A New Regional Geography of Europe? The Labour Market Impact of the EU Enlargements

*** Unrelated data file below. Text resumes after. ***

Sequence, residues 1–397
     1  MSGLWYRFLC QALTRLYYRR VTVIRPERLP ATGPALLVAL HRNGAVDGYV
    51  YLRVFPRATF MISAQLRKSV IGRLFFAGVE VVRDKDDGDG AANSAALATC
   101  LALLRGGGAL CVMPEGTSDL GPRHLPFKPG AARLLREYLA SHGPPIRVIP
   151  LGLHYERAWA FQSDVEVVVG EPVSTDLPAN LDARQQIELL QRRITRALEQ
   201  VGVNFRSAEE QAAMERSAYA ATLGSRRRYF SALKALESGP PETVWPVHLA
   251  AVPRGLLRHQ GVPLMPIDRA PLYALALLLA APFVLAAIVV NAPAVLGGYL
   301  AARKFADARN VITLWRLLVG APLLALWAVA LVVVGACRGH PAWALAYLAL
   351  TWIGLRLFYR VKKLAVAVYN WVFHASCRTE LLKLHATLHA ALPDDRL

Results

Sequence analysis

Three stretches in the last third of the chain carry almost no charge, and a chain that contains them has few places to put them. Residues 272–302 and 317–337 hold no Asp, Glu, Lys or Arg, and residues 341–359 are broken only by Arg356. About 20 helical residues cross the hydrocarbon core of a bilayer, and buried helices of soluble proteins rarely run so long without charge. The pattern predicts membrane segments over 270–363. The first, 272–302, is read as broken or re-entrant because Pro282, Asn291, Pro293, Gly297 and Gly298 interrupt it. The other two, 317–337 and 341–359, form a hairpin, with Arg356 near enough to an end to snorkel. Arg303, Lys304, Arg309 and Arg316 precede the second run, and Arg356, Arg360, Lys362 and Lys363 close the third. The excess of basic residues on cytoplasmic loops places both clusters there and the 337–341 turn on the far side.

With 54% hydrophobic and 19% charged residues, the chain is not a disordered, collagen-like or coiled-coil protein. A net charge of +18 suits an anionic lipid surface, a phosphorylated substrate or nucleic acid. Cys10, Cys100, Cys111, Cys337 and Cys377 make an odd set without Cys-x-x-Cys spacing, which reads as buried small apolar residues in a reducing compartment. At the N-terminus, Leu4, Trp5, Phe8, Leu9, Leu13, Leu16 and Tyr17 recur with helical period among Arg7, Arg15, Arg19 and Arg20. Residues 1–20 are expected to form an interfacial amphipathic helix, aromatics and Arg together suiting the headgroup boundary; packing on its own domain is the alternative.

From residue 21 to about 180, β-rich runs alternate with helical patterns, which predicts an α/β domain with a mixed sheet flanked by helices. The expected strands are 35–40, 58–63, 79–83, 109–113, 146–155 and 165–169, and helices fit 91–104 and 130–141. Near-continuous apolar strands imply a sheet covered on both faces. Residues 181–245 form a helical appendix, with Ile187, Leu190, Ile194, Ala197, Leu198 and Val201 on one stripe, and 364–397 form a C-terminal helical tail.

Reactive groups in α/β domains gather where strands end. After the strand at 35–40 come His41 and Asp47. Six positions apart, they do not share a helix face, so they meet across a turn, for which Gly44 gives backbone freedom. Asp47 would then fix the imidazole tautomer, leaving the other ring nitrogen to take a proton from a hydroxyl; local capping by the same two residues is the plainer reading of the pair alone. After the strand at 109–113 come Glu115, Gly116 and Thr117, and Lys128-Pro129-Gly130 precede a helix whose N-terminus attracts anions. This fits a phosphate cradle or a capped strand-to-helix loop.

This paper provides a critical overview and a detailed research agenda for scholars interested in regional studies with a special focus on old and new European Union member states. The focus is on the microeconomic foundations of structural change and its spatially asymmetric impact on labour markets. Structural change has been long neglected, but the availability of new data and the specific nature of economic transition in new member states has brought again this issue to the fore, suggesting that it might provide an explanation also of several typical features of regional imbalances in old member states. The literature provides theoretical reasoning and empirical evidence to confirm this.
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